Summery kohlrabi soup

A rather spectacular Kohlrabi by Petr Kratochvil (public domain image)

A rather spectacular Kohlrabi by Petr Kratochvil (public domain image)

Kohlrabi is a versatile member of the brassica family; in the winter, you can use it in hearty soups and stews or create a delicious mash with olive oil and salt and pepper. The summer crop of kohlrabi is less fibrous than during the winter and it is ideally suited for summer salads and kohlrabi slaw. Try adding grated kohlrabi and carrot together with a mustard dressing.

This kohlrabi soup – my own recipe – is perfect for a light lunch in the garden. The combination of peas and mint help to bring out the crisp taste of the kohlrabi, resulting in a delicious summer soup.

(serves 4)


2 tbsp good-quality olive oil
2 large onions, finely diced
3 garlic cloves, crushed
1 kohlrabi, peeled and diced
2 carrots, diced
3 heaped tbsp frozen garden peas
3.5 cups/1.5 pints vegetable stock
2 heaped tbsp chopped fresh mint
1/2 tsp dried oregano
Salt and pepper

1. Saute the onions and garlic in the olive oil for approx. 10 minutes, until they are golden.
2. Add the kohlrabi and carrots to the pan. Saute gently for 15 minutes, stirring frequently, until the vegetables are tender.
3. Add the vegetable stock and the peas. Bring to the boil, then immediately turn down the heat and let it simmer for 5 minutes until the peas are cooked.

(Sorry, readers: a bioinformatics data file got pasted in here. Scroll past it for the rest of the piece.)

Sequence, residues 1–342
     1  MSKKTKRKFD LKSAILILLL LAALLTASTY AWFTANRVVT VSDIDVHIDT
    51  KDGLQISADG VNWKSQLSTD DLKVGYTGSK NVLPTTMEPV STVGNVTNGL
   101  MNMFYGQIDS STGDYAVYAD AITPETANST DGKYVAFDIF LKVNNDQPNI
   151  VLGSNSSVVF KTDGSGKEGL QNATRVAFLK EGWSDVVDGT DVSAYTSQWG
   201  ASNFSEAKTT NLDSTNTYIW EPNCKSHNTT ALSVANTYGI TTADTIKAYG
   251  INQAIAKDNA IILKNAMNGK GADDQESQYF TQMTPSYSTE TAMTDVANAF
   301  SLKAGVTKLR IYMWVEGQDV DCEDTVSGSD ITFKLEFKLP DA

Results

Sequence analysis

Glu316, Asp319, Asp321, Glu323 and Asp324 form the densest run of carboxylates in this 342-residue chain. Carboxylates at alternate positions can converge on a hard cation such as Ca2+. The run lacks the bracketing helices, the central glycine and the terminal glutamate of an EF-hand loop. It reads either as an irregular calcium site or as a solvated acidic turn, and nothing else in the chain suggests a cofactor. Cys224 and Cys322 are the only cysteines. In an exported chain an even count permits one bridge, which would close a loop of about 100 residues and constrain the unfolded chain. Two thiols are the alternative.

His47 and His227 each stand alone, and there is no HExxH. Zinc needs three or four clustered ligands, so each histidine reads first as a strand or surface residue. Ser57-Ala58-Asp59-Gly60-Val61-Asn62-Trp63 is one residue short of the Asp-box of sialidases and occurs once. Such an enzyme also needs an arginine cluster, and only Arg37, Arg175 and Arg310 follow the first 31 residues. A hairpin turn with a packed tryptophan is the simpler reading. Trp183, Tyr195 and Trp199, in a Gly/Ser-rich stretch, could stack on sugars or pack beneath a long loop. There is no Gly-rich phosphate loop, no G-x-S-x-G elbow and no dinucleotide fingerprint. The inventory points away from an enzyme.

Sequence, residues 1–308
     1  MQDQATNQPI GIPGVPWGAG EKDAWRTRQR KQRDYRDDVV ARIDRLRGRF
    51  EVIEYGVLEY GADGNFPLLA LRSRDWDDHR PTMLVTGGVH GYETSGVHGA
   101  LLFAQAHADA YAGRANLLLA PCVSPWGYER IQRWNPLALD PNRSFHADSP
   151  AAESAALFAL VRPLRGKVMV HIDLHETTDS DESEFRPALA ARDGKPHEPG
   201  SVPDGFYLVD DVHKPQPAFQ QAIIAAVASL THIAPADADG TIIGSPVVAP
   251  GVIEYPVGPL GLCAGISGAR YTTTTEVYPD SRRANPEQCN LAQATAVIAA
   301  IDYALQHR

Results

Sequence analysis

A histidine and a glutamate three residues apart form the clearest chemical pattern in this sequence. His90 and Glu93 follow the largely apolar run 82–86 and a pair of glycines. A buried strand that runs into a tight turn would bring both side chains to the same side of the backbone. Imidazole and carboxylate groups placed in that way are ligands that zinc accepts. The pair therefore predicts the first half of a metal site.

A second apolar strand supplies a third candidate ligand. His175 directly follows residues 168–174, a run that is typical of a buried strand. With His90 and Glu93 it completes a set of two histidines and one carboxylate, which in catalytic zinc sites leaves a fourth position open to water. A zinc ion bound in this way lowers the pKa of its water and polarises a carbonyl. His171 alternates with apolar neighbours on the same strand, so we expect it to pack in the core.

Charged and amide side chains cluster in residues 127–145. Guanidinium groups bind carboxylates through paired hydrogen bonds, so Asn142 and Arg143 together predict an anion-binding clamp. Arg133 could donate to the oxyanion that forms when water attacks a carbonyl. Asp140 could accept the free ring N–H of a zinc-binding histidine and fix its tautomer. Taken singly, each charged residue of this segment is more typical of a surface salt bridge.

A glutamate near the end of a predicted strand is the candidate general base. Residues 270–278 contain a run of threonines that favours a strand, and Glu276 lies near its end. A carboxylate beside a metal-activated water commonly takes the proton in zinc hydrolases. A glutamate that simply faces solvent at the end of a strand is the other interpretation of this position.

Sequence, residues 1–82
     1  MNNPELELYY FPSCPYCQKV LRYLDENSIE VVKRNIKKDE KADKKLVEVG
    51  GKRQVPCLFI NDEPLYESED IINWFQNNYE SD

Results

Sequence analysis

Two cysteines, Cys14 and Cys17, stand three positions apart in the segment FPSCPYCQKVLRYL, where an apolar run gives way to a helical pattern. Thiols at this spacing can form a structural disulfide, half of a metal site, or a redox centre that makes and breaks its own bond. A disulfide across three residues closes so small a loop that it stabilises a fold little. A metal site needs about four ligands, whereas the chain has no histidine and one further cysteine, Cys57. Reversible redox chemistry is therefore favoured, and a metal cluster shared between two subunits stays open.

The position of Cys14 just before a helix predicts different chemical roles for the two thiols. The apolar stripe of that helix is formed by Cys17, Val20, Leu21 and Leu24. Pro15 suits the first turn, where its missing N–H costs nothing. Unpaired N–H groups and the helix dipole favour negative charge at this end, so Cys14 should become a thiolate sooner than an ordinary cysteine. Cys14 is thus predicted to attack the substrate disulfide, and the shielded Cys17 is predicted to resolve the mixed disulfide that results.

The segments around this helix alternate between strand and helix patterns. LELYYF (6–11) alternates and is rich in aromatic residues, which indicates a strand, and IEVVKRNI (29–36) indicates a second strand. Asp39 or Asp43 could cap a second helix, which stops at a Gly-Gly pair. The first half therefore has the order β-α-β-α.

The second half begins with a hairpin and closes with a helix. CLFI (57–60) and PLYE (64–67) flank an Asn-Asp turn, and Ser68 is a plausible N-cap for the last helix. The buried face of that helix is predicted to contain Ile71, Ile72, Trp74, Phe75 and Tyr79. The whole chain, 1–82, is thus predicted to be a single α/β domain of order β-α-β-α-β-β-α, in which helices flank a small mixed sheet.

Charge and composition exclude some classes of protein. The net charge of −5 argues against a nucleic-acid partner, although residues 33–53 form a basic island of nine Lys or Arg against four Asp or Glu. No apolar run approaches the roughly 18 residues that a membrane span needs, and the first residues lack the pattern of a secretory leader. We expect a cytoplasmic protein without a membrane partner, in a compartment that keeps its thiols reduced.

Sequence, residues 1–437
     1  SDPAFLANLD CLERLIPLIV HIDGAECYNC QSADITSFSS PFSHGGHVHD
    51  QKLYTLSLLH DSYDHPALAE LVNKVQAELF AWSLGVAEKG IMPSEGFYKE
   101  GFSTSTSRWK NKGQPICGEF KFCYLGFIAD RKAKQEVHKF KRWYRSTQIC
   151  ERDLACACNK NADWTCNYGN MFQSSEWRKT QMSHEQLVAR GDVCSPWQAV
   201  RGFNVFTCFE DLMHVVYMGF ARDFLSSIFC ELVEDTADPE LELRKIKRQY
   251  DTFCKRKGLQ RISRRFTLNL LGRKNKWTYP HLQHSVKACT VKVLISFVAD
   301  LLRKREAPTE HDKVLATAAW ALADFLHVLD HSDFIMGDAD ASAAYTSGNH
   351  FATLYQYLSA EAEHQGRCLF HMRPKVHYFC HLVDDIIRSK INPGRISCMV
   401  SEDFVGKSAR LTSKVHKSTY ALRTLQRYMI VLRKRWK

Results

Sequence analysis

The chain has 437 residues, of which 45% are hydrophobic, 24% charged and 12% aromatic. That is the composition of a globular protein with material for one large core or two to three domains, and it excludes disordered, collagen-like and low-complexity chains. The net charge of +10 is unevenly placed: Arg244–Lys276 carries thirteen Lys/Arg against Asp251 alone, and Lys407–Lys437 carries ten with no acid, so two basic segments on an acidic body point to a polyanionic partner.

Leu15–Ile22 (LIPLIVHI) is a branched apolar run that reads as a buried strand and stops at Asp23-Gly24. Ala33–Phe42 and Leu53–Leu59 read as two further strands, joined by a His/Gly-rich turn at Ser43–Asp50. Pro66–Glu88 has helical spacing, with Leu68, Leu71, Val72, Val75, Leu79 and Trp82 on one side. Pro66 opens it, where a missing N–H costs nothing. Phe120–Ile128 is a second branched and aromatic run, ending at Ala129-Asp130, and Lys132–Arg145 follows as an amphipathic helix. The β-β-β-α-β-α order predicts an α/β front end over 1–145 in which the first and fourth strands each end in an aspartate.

4. Add the chopped mint, season with salt and pepper to taste and blend.

Kohlrabi soup

9 thoughts on “Summery kohlrabi soup

    • Kohlrabi is a relative of the cabbage family but it is quite firm and white. You have to peel them before you eat them. It tastes very fresh, crunchy and has a tangy, sweet flavor, like a radish but a bit milder. Thanks for your comment!


  1. This is very interesting! I love raw kohlrabi in salads, but I have never thought to cook it! Sadly, I have yet to see a kohlrabi in Spain, so I’ll have to wait a bit to try it out.


    • The soup was a bit of an experiment. I’ve never made kohlrabi soup before but it turned out really nice.

      By the way, talking of food, do you get flat peaches where you are in Spain? I’ve noticed that a lot of supermarkets here are selling them and I wondered whether they are common in Spain. They taste sweeter and are more fragrant than regular peaches.


  2. Pingback: CSA Pick: Kohlrabi « Brooklyn Locavore

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